A Short Walk on the Longest Trail

North Country Trail Locator Map US.svgHuman nature being what it is, we sometimes ignore the valuable resource right before our eyes while gazing at greener pastures out around the bend. Sadly, I’ve pretty much ignored America’s longest foot path even though it passes my backyard just a dozen miles downstream. I’d like to rectify this oversight beginning now.

The North Country National Scenic Trail (NCNST) stretches some 4,600 miles across the northern U.S. from New York State to central North Dakota. It’s the longest of America’s  eleven national scenic trails authorized by Congress. Managed by various federal, state and local agencies, this longest trail in America can be accessedOLYMPUS DIGITAL CAMERA within a dozen miles or so from my backyard. And for some strange reason or another, I hardly know a mile of it.

Luckily I can get more acquainted with the national pathway, which is still being developed across the states, by stepping to the well-known Finger Lakes Trail (FLT) that coincides with it for 380 miles in New York  State. The Finger Lakes Trail is more definable as a natural feature than the longer route and is less dependent on highway passage. As such, it’s easier for my “hiking mind” to get a handle on this recreational opportunity.

OLYMPUS DIGITAL CAMERAWith a short drive into the hills of New York’s Southern Tier, I can easily access the fine foot trail also known as “one of upstate’s best-kept secrets.” The FLT takes in a mix of public and private lands and constitutes the longest continuous hiking trail in the state. Whereas thousands have hiked the entirety of the Appalachian Trail, only eleven people have currently walked the entirety of the North Country Trail. The Finger Lakes Trail has been completely walked by more than 350 hikers at this point, and one person has apparently hiked the whole route on 10 separate occasions. I had walked a few small stretches of it in the past, but never with a purpose of shaking its hand. I stepped to the trail like a humble dog, happy to get acquainted and to sniff around with pleasure.

It was Earth Day, a symbolic time (once more) to step above routine and recognize the fact that, damnit all, human beings aren’t really as big as we think we are; we have tremendous capabilities for both destruction and for care, and now is a good a time as any to see where we’ve come from and to look at our next move.OLYMPUS DIGITAL CAMERA

I parked on the high hills north of Canisteo and entered the Burt Hill State Forest via the Finger Lakes Trail. At first my path led through a red pine plantation where I flushed a ruffed grouse nearby. The trail made a half mile drop through secondary woods to the Burt Hill lean-to, a site I had read about and wanted to see first-hand. No one was there on Earth Day morning, but a phoebe gave its rasping two-note call nearby and it wasn’t long before I saw a year-old nest constructed under the eaves. There is a picnic table and a fire-ring in front, a privy constructed about a hundred feet off among the hemlocks. The lean-to occupies a remote and peaceful location, although every now and then I caught a glimpse of giant turbines through the barren trees.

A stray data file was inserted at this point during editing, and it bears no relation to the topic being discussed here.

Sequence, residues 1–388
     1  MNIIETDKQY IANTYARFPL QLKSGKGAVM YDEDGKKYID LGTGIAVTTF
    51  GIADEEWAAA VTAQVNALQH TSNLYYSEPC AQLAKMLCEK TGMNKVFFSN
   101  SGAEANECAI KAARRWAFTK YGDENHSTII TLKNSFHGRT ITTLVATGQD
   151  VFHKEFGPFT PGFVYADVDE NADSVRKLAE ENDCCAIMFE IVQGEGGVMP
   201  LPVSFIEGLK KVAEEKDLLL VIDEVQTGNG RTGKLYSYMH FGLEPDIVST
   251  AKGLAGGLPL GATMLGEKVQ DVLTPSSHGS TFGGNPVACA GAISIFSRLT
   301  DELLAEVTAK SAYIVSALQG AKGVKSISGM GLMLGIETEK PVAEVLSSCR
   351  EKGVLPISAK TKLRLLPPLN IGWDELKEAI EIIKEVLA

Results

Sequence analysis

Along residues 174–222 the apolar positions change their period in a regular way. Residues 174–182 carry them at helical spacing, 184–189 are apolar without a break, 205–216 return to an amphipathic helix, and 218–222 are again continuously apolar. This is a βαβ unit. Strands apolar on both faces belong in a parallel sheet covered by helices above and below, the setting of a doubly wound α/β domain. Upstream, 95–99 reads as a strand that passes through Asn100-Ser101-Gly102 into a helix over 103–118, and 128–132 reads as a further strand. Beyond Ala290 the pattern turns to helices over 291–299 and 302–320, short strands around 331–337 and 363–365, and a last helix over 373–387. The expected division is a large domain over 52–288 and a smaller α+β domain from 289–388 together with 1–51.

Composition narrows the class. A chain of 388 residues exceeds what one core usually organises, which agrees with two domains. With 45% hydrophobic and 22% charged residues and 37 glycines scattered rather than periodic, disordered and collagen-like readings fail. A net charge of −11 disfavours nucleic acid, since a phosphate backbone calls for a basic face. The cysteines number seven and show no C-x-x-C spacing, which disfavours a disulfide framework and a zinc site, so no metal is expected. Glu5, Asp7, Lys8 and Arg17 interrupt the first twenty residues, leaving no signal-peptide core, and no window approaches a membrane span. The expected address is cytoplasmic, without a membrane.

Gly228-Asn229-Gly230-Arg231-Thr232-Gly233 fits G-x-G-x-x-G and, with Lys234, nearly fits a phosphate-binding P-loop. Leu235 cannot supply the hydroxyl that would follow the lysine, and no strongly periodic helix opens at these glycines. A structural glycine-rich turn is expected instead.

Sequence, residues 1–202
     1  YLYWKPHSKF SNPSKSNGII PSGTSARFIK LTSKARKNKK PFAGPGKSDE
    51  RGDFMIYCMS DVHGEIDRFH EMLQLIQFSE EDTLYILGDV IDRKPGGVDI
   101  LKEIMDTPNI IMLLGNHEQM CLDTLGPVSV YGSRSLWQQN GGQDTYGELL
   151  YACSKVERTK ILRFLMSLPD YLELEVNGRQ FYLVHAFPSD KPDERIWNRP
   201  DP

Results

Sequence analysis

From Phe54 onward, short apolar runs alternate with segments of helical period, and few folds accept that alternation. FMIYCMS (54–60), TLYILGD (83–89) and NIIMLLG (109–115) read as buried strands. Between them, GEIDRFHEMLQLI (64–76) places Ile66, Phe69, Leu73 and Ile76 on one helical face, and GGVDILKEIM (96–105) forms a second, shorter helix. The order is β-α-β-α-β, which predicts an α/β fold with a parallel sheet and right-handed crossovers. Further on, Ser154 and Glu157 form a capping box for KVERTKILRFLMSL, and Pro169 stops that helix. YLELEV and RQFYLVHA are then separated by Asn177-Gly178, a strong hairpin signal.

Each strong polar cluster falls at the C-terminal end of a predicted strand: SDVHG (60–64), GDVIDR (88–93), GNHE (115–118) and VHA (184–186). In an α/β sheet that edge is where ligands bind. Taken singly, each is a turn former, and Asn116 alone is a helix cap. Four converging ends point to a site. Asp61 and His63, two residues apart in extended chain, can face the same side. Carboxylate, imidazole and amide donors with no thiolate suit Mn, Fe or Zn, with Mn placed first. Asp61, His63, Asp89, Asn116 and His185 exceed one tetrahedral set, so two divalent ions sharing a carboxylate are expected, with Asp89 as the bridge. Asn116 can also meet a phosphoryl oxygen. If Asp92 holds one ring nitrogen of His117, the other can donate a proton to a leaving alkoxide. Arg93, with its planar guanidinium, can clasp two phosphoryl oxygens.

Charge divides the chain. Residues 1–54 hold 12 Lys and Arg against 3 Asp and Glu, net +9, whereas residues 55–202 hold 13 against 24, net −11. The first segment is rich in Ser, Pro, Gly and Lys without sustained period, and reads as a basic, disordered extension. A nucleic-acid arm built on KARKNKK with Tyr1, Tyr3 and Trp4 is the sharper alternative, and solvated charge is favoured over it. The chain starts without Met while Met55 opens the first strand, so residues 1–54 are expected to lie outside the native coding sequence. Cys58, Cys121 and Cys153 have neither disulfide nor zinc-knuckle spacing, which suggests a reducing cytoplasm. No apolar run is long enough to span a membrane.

OLYMPUS DIGITAL CAMERAContemplating those windmills on a neighboring ridge, I could hear the whirring of silver blades, a sound like distant wind. I have no objection to wind energy, as long as the turbines have been located somewhere other than on a major migratory bird route, as long as they actually help to decrease our total amounts of energy consumption (I am not yet convinced), and yes… as long as I didn’t have to live right next to them.

I hiked back to the road and crossed to where the trail runs westward on Burt Hill. I descended to a point where the meadows begin. From there I could gaze westward for miles, to think about this place so close to home, and to think about the thousands of miles to North Dakota where the North Country Trail comes to an end. Out there, wintry weather still reigns over the land this day. Out there my Earth Day thoughts took rest.OLYMPUS DIGITAL CAMERA

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About rivertoprambles

Welcome to Rivertop Rambles. This is my blog about the headwaters country-far afield or close to home. I've been a fly-fisher, birder, and naturalist for most of my adult life. I've also written poetry and natural history books for thirty years. In Rambles I will mostly reflect on the backcountry of my Allegheny foothills in the northern tier of Pennsylvania and the southern tier of New York State. Sometimes I'll write about the wilderness in distant states, or of the wild places in the human soul. Other times I'll just reflect on the domestic life outdoors. In any case, I hope you enjoy. Let's ramble!